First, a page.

We are two episodes in and would welcome your feedback as we hopefully learn and improve how to podcast! You can find the podcasts at Unpacked.fm, or search for “unpacked” on iTunes. You can also follow us on twitter @unpackedFM. We would love to hear from you on topics that you might like covered or just feedback on the podcast. Enjoy!
Gone are the days of consulting firms having the market cornered on solving a client’s issues.
After almost 20 years in consulting and having worked across almost every industry I’ve come to realise that the consulting industry is about to undergo it’s most significant change. Or at least it needs to. It’s not dead by any means, but it is about to be tested. I first thought this was 10 plus years away but like most things today it’s all moving a bit quicker.
In the early 2000’s most consulting companies shed staff at a great rate of knots. The firm I worked for went from almost 700 to 180 pretty much overnight. Most of those people went in to industry. They became the worst buyers of consulting services because they knew what we did and how we did it. And to be honest they didn’t need us to answer their tough questions. They could do that themselves.
Luckily the complexity of business is ever increasing. Or at least that’s what we tell ourselves – that’s a topic for another post on another day. And as a result consultants were back again. Whether it was cost reduction, innovation, digital strategy, globalisation, or more recently the “enormous” challenge of social media, they needed us again.
But there is a new generation of buyer and a new generation of problems. And as a result a new generation of thinking required to solve those problems. Very few of today’s traditional consulting firms have the capability or the business model to help clients deal with today’s business problems. They are slow. They overcharge. They think about their clients’ issues the same way they always have. Clients use them for their brand but at the same time resent having to use them. The traditional firms will live. But they will be marginalised to the work that needs to get done but really doesn’t challenge a client’s business. The interesting work will go elsewhere. That mean that the smart kids will go elsewhere. So the interesting work will go elsewhere. So the smart kids will go elsewhere…..you get the idea.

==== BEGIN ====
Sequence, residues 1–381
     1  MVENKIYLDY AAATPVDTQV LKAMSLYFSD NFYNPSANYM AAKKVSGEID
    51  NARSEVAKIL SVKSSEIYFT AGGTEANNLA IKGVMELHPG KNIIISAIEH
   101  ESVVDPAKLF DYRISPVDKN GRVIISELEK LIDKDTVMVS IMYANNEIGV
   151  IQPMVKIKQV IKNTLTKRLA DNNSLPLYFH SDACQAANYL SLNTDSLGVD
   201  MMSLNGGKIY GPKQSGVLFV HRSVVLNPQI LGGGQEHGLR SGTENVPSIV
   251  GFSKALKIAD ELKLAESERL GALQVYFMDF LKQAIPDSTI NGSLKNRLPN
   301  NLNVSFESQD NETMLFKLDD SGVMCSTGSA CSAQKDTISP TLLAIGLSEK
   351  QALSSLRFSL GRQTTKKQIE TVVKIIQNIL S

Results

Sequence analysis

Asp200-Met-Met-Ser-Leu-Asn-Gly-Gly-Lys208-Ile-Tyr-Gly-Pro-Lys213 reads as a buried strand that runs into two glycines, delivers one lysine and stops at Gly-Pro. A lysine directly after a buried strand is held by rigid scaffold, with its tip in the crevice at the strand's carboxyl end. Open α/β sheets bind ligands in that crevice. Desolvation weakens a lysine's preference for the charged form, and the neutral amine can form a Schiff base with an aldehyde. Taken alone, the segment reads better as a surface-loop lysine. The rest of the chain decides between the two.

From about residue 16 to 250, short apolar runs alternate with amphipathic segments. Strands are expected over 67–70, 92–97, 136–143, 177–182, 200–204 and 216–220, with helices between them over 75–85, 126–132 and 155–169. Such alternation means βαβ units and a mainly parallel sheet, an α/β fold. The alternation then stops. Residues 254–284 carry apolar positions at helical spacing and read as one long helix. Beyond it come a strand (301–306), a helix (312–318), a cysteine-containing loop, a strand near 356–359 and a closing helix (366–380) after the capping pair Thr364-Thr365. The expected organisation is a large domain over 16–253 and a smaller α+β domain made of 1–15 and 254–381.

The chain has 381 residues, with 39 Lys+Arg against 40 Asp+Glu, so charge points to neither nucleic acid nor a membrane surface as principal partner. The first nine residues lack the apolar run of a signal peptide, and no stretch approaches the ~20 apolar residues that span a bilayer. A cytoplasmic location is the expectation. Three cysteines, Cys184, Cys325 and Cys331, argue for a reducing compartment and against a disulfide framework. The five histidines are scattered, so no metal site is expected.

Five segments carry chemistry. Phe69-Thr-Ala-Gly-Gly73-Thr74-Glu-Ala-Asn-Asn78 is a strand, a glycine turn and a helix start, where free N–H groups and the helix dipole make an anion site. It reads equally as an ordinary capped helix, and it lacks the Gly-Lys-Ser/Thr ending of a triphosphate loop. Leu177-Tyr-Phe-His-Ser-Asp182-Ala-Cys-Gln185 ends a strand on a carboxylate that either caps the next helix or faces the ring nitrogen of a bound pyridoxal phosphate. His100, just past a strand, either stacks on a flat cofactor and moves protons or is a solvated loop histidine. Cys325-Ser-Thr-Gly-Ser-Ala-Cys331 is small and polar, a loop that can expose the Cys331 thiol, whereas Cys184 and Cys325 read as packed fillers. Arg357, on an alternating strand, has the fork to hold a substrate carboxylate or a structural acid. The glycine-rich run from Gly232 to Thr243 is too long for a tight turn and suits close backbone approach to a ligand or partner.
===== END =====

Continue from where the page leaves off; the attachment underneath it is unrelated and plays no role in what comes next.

Their challenge is to stay relevant. And to do that they need to challenge their own model. Daily rates have to go. Firms need to start pricing for value. But that’s not news. The real change is how they harness capability. Consulting firms will no longer be able to house all the capability required to meet their clients’ demands. Business is moving too quickly. Technology is changing too quickly.
The real value will come from playing a major role in a network of capability. The way to stay responsive to the changing landscape is not to go through the long drawn out task of building or buying new capability. Rather firms need to foster and engage with networks where they can tap in to capability when they need it. From specific technical skills to more abstract areas like design and creative skills. Sometimes it will be with a smaller firm. Sometimes with one or more individuals. Some relationships in the network will be formalised while others will be form and disband as required. Some of today’s freelancer e-markets may provide a start.
Tapping in to these networks and fostering them will allow the traditional firms to respond quickly to changing markets, while meeting the specific needs of their clients. It will give them the ability to offer more interesting and varied work to their staff and the opportunity to quickly develop new skills. Which in the long run might just help them corner the market once more.